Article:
Victorian Rail Network — Concept Map, April 2014
Here’s an interesting proposed new map out of Australia which combines Melbourne’s suburban rail network with the V/Line passenger rail service. In a way, this makes sense, as many of V/Line’s services act as commuter rail services from surrounding cities like Geelong. With the introduction of the myki farecard, much of the V/Line network now even shares the same ticketing system, as shown on the map by use of a solid grey route line. However, it does look a little odd to have Craigieburn (25km from the Melbourne CBD) so close to Albury at the end of the line (over the border into NSW, some 330km from Melbourne). In the end, the diagrammatic distortion is probably a good trade off in making a compact, legible map.
Overall, I really think this a good effort, and I certainly like it a lot more than the current Melbourne rail network map that just uses two colours (blue and yellow) to represent fare zones, although I don’t know if this map will replace that one or is meant to complement it.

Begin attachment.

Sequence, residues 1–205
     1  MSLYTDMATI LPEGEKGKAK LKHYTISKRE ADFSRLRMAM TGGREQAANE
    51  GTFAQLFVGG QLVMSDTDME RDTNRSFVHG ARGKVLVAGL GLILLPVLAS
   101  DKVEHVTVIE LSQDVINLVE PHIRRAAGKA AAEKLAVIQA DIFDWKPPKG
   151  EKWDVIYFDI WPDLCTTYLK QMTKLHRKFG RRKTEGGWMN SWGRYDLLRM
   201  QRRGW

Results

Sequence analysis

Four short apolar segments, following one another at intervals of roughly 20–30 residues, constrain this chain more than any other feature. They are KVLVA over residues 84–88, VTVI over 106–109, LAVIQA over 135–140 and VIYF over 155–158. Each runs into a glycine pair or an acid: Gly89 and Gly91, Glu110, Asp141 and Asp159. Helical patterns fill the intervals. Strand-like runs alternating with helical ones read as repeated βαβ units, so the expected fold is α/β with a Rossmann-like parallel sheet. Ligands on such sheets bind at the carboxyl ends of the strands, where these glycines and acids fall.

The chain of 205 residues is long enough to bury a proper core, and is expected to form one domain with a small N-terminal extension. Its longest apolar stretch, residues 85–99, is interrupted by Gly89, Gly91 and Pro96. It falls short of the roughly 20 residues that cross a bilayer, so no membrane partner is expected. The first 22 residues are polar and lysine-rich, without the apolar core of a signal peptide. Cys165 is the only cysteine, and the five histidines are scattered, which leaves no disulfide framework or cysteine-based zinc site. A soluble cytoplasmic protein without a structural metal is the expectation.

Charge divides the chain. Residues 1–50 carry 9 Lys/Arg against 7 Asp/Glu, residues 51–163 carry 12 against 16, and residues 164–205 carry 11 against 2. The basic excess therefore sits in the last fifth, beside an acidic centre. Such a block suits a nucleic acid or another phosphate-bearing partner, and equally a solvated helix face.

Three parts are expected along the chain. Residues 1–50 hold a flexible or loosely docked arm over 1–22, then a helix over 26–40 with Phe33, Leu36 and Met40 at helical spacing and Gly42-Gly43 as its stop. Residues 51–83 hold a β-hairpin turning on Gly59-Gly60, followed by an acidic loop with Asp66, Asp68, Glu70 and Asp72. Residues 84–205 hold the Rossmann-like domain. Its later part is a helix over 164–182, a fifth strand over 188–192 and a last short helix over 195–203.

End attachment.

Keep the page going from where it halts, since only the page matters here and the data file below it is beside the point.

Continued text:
I was going to comment that an indication of which direction trains travel around the City Loop would be good, but some research reveals that there’s no easy answer to that: trains can go opposite directions around the loop depending on the time of day.
Apparently, this map is on display at certain stations around Melbourne and Public Transport Victoria will be surveying customers for their opinion. However, putting a call to action on the poster — “for more information, visit our website” — really only works if the end user can actually find the relevant information easily (I gave up after 10 minutes).
Our rating: Nicely done. Three-and-a-half stars.
(Source: Daniel Bowen/Flickr)
Submission: Transportation in the Backwaters of Kerala, India
Submitted by Jim McNeill, who says:
Kerala in southern India is famed for its backwaters, a popular holiday destination for people to cruise in rented houseboats. I was amazed to see a transit map of the area, and not a bad one at that. I was impressed at the attempt to show road, train, boat and air all on the same map. Granted it’s not perfect, the ferry crossings become maze like in the centre and there are some awkward angles in the south, but overall I was impressed.
Transit Maps says:
It’s not the world’s most beautiful transit map, but I’m as impressed as Jim by the map’s intent: one map showing all the transportation options available in the Backwaters of Kerala — a huge area covered by lakes, lagoons, rivers and canals, sometimes compared to the Mississippi Bayous.